Rachelle Kliger – The Media Line June 29, 2008
Tension between Iran and the West is reaching a climax, with a heightened exchange of verbal threats and what appear to be preparations in Iran, Israel and the United States for a military showdown.
Reports of a large recent Israeli air drill over Greece was thought to be a simulation of an attack on Iran’s nuclear facilities, given that the distance between Israel and Greece is similar to the distance between Israel and Iran.
A visit of the chief of the U.S. Naval Operations Admiral Gary Roughead to Israel last week, followed by a visit of the U.S. Chairman of the Joint Chiefs of Staff Admiral Michael Mullen also prompted speculation that Jerusalem and Washington were planning a joint military strike against Iran.
Earlier this month Israeli Transport Minister Shaul Mofaz said Israel might have no choice but to attack Iran.
Iran is threatening that any military strike on its soil would prompt it to shut down strategic waterways in the Gulf, consequently cutting off major supplies of oil and energy from the Gulf to the West. Around 60 percent of the world’s oil supply goes through these waterways.
Iran also threatened that attacks on its soil would be met with missile attacks against Israel.
It appears Iran is also preparing for this eventuality. It has deployed its long-range Shihab missiles to launching position, with Israel’s nuclear reactor in Dimona among its possible targets, the Sunday Times reported over the weekend.
Meanwhile, Washington is escalating its covert operations against Iran in order to destabilize the country’s leadership and undermine the current leadership in Tehran through regime change and strengthening the opposition, according to the New Yorker.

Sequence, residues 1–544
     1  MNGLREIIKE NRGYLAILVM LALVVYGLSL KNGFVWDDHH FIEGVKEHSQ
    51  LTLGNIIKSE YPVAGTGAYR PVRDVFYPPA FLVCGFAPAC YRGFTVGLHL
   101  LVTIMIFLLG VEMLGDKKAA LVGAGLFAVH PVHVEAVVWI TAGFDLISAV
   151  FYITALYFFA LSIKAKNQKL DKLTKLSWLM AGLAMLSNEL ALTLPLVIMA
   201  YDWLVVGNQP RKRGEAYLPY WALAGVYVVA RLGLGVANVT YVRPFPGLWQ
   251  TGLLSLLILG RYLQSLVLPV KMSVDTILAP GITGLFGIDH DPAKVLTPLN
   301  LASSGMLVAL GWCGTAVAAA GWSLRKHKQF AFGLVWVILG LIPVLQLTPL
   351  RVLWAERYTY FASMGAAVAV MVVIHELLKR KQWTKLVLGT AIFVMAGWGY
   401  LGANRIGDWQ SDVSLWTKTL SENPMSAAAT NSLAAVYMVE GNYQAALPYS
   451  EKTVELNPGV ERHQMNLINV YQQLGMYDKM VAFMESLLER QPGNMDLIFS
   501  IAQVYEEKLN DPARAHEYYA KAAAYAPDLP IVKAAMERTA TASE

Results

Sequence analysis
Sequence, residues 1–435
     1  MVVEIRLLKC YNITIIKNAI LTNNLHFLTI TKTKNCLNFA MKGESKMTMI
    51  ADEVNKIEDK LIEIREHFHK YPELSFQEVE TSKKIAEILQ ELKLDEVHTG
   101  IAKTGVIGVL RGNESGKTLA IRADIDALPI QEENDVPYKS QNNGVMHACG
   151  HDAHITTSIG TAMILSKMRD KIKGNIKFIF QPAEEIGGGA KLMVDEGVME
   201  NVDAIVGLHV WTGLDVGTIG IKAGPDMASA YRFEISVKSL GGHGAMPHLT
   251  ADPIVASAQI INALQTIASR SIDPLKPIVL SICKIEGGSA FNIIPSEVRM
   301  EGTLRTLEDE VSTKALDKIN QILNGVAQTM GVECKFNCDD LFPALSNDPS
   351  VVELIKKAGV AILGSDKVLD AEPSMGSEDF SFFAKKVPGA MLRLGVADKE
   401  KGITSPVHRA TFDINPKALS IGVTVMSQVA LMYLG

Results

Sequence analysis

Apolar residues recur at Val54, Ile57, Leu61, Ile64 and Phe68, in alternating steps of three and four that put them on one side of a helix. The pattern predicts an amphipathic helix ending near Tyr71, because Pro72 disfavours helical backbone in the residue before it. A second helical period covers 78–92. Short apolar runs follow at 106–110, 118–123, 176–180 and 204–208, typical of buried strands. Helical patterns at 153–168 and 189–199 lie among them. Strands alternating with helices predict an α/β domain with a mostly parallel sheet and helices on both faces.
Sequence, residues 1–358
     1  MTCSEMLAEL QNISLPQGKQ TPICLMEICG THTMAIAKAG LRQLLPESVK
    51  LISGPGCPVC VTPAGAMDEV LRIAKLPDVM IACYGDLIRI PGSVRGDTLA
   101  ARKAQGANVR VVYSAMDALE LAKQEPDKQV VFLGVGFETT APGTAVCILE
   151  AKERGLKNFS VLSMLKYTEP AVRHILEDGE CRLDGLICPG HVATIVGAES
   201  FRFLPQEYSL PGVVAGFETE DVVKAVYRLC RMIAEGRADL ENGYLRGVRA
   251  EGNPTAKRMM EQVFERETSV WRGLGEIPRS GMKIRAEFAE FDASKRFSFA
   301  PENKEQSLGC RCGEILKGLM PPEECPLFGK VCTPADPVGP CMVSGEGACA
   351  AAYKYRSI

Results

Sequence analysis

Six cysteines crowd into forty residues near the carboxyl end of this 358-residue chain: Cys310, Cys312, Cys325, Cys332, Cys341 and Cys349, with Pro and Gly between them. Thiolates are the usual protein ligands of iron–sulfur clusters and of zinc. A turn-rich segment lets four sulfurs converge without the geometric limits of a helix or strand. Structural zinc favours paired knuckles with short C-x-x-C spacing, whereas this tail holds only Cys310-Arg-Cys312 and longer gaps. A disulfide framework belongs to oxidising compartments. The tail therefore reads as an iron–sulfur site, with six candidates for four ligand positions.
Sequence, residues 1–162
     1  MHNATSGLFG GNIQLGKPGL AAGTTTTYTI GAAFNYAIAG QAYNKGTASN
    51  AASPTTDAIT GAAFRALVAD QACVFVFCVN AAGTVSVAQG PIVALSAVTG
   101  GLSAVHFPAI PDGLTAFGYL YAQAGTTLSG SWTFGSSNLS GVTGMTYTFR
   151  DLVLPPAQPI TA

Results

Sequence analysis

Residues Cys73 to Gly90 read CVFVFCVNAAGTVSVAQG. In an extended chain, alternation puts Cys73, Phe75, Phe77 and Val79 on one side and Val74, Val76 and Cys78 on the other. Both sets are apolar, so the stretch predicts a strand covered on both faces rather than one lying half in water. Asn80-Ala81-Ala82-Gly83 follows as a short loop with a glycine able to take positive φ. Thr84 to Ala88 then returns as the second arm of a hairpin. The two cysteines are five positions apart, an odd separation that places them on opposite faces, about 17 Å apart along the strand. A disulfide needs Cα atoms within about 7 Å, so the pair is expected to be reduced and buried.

The recent upgrade of threats and apparent preparations for a military showdown have prompted speculation that a standoff is near.
But non-military means of pressure can and should be exhausted before any military solution is implemented, Ephraim Asculai, a senior research fellow with Israel’s Institute for National Security Studies told The Media Line.
“There are plenty of non-military options, but they need to be carried out and there needs to be much heavier pressures [applied] than those that have been applied until now,” he said. “If China and Russia do not want to be in the picture, then so be it.”
Iran has been under international pressure over its controversial nuclear program since 2002 and has refused to bow to international demands to suspend its uranium-enrichment activities and abandon the program.
The carrot and stick approach towards Iran, in the form of incentives and sanctions, has so far failed to bring positive results for the West, which fears the Islamic republic is covertly manufacturing a nuclear bomb.
Iran insists its nuclear program is for the peaceful purpose of creating energy only and upholds its right to possess nuclear technology.
The fact there are presidential elections in the U.S. this year is likely to impact the decision of whether to attack Iran or not.
This can work in both directions, Asculai said.
“On the one hand people don’t want confrontations in an election year, and on the other hand the president is leaving office this year and he might want to make his mark.
“In any case, time is pressing. Today, leaders in the U.S. on all sides realize that the timetable is getting significantly tight until Iran passes the threshold and will have enough material for a bomb.”
Last updated 02/07/2008